AWS RoboMaker supports future of robotics development
FYI, this story is more than a year old
Amazon Web Services (AWS) is venturing deeper in the world of robotics services for developers with the launch of AWS RoboMaker.
The RoboMaker is a new service designed for developers so they can develop, test and deploy robotics applications, and build intelligent robotics functions by using cloud services.
The popular open source robotics software framework Robot Operating System (ROS) is also able to leverage AWS connectivity for services such as machine learning, monitoring, and analytics services. The end result is a robot that can stream data, navigate, communicate, comprehend, and learn.
AWS RoboMaker general manager Roger Barga says customers often find themselves spending a lot of time assembling the infrastructure and using different software for different parts of the robotics development cycle – a process that leaves less time for innovation.
AWS further explains that robots accomplish set tasks through software applications’ instructions, the processing of sensor data, and the use of control actuators that create movement and action.
That process is not so simple to put together, particularly in ‘intelligent’ robots. Object recognition, natural language processing, and autonomous movement can require a data scientist experienced with machine learning and can take days to set up.
“Once an application has been completed, a developer still needs to either build or integrate with an over-the-air (OTA) system to deploy the application onto the robot and then update the application on the robot while it is in use. All of this effort severely limits the number of robots and intelligent functions in use today,” AWS explains.
AWS RoboMaker addresses these issues by providing an integrated set of software and services that help developers start application development with a single click in the AWS Management Console.
RoboMaker automatically provisions underlying infrastructure. It also downloads, compiles and configures the operating system, development software, and ROS.
RoboMaker’s fleet management integrates with AWS Greengrass and supports over-the-air deployment of robotics applications from development on to the robot itself.
“AWS RoboMaker provides pre-built functionality to support robotics developers during their entire project, making it significantly easier to build robots, simulate performance in various environments, iterate faster, and drive greater innovation,” Barga adds.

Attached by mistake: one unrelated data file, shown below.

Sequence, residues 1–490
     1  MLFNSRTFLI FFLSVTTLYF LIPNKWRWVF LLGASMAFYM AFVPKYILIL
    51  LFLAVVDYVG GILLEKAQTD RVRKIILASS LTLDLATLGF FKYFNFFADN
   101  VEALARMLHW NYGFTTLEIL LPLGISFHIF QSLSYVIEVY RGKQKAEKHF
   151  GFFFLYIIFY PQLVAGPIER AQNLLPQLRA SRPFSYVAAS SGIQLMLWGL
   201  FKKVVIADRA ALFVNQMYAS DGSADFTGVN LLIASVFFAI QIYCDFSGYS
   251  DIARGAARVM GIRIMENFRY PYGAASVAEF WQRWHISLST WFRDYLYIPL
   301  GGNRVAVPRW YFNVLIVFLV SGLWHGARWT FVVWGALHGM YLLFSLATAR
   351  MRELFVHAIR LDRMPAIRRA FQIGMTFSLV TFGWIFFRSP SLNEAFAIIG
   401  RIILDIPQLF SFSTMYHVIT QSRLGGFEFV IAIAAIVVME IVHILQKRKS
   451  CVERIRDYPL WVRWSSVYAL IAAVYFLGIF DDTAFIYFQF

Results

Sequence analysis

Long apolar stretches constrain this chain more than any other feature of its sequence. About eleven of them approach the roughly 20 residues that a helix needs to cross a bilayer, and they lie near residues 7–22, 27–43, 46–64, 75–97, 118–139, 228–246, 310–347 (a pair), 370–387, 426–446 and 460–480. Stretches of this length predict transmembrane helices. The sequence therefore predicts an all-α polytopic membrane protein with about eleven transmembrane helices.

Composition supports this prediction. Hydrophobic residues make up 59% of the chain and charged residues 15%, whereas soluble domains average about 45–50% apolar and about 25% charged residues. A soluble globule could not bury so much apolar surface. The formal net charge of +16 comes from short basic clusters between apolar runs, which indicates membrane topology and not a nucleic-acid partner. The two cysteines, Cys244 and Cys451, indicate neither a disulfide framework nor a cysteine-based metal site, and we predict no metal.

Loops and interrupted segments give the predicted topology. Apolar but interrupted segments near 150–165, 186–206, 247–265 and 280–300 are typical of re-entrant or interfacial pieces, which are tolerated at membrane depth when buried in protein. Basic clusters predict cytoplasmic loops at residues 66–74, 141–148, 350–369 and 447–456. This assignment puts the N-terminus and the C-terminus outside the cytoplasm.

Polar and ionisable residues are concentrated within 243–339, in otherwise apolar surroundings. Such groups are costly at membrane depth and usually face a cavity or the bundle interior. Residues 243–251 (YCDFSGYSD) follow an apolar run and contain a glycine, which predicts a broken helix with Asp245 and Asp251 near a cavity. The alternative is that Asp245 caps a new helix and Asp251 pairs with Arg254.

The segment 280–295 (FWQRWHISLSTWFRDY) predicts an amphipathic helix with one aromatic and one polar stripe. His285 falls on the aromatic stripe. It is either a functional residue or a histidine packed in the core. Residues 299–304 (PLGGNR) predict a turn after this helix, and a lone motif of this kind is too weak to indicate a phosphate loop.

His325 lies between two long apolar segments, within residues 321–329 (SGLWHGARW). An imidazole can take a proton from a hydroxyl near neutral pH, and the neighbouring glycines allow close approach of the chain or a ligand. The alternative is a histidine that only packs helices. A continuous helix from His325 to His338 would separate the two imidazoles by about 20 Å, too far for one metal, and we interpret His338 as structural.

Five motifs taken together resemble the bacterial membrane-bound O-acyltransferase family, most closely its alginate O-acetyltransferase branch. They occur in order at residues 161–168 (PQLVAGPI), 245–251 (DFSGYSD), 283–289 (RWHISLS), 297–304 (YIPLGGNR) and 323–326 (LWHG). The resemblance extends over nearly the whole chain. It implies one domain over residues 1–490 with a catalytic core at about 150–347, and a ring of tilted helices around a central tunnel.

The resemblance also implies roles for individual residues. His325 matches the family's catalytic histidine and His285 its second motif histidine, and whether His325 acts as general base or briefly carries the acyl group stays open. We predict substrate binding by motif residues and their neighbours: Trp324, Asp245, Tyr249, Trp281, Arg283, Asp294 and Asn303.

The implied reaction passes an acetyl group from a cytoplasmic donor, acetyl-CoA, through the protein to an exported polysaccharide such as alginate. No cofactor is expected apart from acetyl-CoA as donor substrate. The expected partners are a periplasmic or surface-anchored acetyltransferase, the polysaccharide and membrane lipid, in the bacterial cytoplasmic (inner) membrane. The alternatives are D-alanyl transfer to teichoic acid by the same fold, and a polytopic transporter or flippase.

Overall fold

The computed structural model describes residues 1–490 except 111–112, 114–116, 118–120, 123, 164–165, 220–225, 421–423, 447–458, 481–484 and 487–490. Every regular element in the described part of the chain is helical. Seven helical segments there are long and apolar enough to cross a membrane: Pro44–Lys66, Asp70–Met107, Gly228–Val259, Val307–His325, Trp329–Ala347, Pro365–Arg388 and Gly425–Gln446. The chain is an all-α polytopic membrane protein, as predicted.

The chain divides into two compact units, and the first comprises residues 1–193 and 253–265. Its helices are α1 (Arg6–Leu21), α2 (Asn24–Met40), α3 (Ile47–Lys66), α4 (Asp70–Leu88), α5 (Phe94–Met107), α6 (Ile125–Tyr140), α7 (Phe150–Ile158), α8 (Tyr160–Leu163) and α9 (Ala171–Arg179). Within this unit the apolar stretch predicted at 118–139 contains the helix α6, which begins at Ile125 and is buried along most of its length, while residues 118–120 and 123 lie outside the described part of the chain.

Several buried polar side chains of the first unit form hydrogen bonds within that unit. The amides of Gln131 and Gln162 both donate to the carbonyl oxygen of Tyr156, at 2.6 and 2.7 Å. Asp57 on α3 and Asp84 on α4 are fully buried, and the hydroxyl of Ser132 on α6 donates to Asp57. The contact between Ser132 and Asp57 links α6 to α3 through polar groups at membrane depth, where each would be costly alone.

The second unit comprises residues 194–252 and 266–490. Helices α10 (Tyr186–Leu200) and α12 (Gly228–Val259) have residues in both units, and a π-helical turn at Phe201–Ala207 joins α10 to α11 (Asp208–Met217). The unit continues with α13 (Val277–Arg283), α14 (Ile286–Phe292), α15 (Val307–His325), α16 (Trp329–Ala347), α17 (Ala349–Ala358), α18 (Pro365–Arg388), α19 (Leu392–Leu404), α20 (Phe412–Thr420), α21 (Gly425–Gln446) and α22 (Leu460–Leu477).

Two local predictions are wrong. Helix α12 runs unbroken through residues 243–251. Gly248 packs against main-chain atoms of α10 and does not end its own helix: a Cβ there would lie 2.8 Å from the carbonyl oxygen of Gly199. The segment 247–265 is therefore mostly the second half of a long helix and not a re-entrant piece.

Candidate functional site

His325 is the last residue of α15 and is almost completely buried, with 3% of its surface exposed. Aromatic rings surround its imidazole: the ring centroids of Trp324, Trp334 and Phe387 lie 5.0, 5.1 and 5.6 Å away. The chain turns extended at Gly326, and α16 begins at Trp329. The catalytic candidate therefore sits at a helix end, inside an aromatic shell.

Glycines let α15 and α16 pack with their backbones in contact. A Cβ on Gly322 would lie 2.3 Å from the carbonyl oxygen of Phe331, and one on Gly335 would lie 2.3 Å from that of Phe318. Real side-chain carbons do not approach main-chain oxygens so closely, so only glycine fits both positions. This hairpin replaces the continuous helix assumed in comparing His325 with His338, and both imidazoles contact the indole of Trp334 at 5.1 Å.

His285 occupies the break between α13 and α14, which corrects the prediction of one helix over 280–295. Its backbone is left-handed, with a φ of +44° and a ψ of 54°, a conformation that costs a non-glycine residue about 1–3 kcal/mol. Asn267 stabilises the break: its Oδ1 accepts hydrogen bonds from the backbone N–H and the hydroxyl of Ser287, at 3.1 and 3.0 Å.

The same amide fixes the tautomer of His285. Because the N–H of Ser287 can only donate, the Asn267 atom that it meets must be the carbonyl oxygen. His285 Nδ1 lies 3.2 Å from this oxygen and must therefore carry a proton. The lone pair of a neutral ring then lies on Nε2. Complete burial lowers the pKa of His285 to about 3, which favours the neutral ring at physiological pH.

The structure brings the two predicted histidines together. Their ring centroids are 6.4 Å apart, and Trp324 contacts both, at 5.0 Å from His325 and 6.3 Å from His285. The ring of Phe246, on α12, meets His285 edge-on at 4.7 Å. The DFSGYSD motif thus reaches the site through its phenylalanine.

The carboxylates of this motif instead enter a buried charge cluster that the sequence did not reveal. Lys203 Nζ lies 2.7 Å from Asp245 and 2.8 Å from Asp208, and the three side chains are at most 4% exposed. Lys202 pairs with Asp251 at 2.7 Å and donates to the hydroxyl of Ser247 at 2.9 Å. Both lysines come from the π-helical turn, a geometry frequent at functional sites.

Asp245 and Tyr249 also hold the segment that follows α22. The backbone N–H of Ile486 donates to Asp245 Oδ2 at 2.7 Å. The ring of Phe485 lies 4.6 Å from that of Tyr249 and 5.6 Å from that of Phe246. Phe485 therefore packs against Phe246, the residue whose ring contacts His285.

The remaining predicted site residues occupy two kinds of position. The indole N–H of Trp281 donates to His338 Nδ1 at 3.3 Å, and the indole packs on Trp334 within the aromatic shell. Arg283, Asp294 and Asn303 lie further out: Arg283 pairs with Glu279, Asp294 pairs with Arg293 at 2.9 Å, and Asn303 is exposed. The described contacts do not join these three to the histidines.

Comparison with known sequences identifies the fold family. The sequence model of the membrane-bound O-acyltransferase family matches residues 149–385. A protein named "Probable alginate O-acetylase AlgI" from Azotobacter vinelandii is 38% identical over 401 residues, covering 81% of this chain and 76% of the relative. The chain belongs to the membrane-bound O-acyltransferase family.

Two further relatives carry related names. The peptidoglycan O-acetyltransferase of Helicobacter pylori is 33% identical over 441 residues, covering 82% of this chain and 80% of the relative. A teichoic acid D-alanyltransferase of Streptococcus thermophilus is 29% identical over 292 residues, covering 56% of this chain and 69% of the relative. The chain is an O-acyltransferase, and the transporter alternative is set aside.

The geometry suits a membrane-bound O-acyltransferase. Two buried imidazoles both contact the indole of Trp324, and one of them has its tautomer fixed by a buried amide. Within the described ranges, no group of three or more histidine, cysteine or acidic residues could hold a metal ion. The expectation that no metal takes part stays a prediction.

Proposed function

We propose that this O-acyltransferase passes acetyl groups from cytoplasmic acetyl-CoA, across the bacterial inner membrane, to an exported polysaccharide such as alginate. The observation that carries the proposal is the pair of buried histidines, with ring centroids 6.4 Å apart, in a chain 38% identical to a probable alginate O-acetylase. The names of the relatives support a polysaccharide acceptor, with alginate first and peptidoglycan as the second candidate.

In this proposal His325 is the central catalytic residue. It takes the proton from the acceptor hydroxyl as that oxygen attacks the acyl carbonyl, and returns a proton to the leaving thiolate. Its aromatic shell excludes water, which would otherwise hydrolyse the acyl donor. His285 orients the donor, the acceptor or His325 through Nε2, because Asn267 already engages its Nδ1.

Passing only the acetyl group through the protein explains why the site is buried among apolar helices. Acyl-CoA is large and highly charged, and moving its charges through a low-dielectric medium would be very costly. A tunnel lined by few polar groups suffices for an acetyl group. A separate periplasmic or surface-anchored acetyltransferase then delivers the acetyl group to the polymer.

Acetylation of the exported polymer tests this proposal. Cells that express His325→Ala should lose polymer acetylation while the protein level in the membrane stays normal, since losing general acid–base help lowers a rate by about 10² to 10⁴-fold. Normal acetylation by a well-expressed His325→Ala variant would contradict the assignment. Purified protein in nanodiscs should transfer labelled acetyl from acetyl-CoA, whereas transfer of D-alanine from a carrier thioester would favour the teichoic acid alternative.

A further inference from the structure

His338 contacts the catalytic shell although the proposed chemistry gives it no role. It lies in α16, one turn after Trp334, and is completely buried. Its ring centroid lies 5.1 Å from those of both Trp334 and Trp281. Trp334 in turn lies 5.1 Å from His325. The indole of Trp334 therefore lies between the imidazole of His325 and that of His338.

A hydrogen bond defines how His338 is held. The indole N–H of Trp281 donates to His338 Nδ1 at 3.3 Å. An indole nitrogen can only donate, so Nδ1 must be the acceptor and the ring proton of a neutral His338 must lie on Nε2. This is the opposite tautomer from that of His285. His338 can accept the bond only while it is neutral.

AWS has also extended RoboMaker’s connectivity to AWS services. These include cloud extensions such as Amazon Kinesis Video Streams ingestion, Amazon Rekognition image and video analysis, Amazon Lex speech recognition, Amazon Polly speech generation, and Amazon CloudWatch logging and monitoring.
“Amazon empowers a smarter, faster, more efficient fulfilment process through the use of automation, robotics, and advanced technologies. “We regularly evaluate how we can use new technology to bring our customers a better experience,” comments Amazon VP and distinguished engineer or Robotics, Brad Porter.
Robotics has played a significant role in creating global solutions that help faster deliveries and lower costs for our customers.
We’re excited to have supported the creation of AWS RoboMaker and to stand behind a service that will help accelerate robotics development and commercial deployments. We believe AWS RoboMaker will be impactful to advanced robotics operations across the world by greatly decreasing cost and time to production.”
AWS is backing open source and robotics communities by making the AWS RoboMaker cloud extensions for AWS publicly available under the Apache Software Licence.
The company is also helping to develop the latest ROS version called ROS 2. Its contributions include real-time messaging, security and authentication, and source code package migration from ROS1 to ROS2. It is also a member of the ROS2 Technical Steering Committee.
Open Robotics CEO Brian Gerkey comments that AWS’ support for its products such as ROS2 will further the goal to make open platforms the basis of all robotics applications.
"With ROS and Gazebo available via AWS, it's now easier than ever for developers to get started and for companies to integrate these tools into their workflow. I can't wait to see the new and innovative ROS-based robots that will be developed.”
AWS customers currently using RoboMaker include NASA Jet Propulsion Lab (JPL), Stanley Black & Decker, Robot Care System, and Apex.AI.
AWS RoboMaker is available in US East (N. Virginia), US West (Oregon), EU (Ireland), and will expand to additional regions in the coming year.